Author Archives: Jarrod Cunliffe


Twin Peaks: Fire Walk With Me Review

Well, after two seasons before its cancellation, Twin Peaks was a series that fans desperately wanted closure to. So when series co-creator David Lynch announced a film, fans went wild — until the word “prequel” popped up. This was in 1992.

Now, as a huge fan of Twin Peaks, not to mention all things Lynch, I don’t particularly mind a prequel. I actually enjoyed Fire Walk With Me. Any excuse to get back into that town is fine by me. After sitting through it, however, it’s obvious that this harkens more to a classic David Lynch film and less like a Twin Peaks production, which will turn off fans of the series.

Chris Isaak 's Special Agent Chester Desmond knows when somebody's lying and hates this wicked game (couldn't resist).

Chris Isaak ‘s Special Agent Chester Desmond knows when somebody’s lying and hates this wicked game (couldn’t resist).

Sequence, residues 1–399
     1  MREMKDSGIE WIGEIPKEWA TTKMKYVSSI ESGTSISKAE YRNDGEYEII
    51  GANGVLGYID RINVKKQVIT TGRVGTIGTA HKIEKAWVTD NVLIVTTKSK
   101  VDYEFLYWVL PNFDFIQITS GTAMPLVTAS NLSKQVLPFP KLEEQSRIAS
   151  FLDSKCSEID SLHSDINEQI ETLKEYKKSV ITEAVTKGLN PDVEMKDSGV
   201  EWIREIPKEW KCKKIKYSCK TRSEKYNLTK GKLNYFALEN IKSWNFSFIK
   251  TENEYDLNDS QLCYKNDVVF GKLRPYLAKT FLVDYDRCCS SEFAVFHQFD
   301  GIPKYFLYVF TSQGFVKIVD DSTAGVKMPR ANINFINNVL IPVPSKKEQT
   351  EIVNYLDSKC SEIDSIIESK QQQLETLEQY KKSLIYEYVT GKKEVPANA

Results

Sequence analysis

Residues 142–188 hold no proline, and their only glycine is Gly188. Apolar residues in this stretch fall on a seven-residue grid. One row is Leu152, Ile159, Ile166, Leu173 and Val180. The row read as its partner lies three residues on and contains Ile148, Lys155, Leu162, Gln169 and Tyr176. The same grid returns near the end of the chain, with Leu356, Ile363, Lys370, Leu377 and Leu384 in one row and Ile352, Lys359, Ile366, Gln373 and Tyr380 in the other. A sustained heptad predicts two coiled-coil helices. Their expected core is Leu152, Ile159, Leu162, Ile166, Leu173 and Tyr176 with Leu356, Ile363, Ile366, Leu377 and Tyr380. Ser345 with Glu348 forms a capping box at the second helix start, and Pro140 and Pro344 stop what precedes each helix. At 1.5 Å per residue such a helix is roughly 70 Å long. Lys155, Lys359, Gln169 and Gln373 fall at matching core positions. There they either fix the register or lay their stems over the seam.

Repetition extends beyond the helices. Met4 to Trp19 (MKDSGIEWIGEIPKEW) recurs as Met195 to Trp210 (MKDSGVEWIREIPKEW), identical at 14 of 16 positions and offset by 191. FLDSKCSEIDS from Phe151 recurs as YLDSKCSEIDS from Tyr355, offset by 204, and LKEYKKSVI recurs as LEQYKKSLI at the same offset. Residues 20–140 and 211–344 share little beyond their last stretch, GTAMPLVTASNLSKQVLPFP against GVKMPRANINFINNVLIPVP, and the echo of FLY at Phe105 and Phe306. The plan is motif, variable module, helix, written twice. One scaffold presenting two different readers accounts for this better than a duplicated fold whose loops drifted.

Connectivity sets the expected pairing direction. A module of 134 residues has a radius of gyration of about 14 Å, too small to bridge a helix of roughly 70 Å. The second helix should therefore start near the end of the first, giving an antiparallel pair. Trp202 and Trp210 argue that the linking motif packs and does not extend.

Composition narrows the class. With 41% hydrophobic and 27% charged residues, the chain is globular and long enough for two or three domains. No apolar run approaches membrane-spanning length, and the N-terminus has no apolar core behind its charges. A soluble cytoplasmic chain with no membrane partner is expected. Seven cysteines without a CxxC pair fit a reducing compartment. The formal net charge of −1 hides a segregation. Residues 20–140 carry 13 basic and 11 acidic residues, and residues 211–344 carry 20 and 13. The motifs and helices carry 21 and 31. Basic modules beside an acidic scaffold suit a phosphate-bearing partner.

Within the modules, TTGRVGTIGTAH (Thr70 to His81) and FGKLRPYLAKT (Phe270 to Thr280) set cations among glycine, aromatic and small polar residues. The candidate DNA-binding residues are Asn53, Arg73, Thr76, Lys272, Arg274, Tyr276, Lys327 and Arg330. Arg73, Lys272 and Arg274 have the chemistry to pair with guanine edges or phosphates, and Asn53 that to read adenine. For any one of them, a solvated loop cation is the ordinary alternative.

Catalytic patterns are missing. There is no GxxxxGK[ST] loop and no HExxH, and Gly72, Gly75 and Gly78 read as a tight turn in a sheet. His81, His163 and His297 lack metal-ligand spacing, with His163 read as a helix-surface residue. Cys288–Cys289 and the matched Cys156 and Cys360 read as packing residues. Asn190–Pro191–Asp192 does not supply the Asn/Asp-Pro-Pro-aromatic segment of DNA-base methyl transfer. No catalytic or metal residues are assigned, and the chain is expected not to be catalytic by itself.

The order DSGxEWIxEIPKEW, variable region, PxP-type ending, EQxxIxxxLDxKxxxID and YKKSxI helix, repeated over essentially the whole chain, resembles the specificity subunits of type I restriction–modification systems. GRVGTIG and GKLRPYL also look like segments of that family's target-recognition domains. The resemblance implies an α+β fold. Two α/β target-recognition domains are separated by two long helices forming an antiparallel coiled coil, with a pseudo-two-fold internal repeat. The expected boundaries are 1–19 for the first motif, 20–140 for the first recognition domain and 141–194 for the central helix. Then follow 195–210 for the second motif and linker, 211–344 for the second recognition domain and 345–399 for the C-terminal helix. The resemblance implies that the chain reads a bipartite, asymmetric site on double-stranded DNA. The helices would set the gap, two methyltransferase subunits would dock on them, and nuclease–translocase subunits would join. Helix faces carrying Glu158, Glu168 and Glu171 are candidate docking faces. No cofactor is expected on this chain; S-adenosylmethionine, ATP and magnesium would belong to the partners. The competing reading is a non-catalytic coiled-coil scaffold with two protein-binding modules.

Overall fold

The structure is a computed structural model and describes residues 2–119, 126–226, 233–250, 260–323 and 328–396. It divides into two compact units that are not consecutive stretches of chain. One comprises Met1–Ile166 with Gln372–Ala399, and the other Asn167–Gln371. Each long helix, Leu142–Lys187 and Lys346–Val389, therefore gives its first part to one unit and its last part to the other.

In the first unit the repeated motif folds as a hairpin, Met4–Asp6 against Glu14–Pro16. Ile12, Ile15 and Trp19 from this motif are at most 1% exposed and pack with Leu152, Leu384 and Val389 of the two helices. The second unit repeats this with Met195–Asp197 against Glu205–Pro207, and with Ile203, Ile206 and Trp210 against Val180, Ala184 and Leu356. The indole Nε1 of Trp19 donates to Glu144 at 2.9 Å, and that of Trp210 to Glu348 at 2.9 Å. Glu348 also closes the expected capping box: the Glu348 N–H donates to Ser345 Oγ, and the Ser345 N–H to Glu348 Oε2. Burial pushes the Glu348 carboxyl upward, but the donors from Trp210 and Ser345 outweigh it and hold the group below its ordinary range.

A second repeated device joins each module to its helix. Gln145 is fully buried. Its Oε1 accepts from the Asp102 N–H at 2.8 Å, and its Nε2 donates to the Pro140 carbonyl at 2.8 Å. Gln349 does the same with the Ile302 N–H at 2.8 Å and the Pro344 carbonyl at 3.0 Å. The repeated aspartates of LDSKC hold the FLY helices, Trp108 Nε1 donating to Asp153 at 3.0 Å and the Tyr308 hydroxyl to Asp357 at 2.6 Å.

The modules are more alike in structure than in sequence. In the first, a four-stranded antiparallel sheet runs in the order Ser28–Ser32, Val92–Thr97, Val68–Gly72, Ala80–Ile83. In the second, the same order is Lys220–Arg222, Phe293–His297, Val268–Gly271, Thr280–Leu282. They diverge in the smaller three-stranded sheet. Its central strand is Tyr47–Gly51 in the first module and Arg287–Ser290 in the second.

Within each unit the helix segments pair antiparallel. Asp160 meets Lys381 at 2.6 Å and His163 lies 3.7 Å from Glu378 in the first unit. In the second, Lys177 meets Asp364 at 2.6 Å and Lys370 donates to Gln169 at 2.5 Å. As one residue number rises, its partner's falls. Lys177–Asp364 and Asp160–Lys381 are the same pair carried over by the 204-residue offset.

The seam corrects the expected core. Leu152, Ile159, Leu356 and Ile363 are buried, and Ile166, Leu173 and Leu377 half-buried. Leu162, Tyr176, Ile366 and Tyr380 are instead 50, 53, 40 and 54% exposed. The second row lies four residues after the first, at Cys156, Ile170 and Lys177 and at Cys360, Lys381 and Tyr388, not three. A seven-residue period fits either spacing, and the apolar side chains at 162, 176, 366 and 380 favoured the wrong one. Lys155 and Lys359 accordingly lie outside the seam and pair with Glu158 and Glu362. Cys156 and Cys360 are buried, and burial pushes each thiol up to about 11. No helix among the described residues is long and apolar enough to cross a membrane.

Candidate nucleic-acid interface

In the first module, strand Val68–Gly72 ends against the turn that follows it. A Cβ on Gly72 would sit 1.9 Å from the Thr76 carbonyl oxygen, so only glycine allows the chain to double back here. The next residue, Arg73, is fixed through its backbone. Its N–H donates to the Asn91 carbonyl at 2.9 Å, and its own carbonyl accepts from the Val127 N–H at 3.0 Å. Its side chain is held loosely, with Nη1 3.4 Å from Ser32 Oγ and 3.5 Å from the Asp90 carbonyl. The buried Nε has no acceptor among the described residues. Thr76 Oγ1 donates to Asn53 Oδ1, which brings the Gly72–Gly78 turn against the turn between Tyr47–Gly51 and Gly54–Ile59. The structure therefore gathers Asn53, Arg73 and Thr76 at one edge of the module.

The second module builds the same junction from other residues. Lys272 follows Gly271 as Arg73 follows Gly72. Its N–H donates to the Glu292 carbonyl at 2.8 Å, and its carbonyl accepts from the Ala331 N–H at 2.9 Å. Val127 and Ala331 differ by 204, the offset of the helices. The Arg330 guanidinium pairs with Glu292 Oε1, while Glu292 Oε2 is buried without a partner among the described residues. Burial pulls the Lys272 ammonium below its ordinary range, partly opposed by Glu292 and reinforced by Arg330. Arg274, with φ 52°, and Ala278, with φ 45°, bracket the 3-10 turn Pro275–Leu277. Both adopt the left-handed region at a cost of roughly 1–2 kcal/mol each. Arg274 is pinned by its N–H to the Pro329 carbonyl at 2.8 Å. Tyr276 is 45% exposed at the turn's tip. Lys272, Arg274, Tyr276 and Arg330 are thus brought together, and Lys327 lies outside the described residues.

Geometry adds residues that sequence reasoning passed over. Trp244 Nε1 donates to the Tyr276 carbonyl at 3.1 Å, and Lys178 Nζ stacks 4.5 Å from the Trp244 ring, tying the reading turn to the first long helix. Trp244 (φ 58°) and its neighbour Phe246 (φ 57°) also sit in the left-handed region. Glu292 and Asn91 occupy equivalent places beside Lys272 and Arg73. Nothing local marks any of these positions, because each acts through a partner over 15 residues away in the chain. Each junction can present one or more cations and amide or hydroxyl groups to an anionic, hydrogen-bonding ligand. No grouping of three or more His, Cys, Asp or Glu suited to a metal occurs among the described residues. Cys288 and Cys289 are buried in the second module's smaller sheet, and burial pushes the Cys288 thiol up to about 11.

Set both one year and one week before the events of the show, FWwM begins with the investigation into the murder of Teresa Banks, given the briefest of mentions on the show. Chris Isaak and Kiefer Sutherland portray the FBI agents sent by fan-favourite Gordon Cole (David Lynch) to look into the murder.

It flashes forward to the days prior to Laura’s death and how it happens. This may claim to be Twin Peaks, but it doesn’t feel like it. The locations used are almost unfamiliar, or underused. The R&R diner gets a 30-second shot and the Sheriff’s Station (along with the entire police force) isn’t seen at all.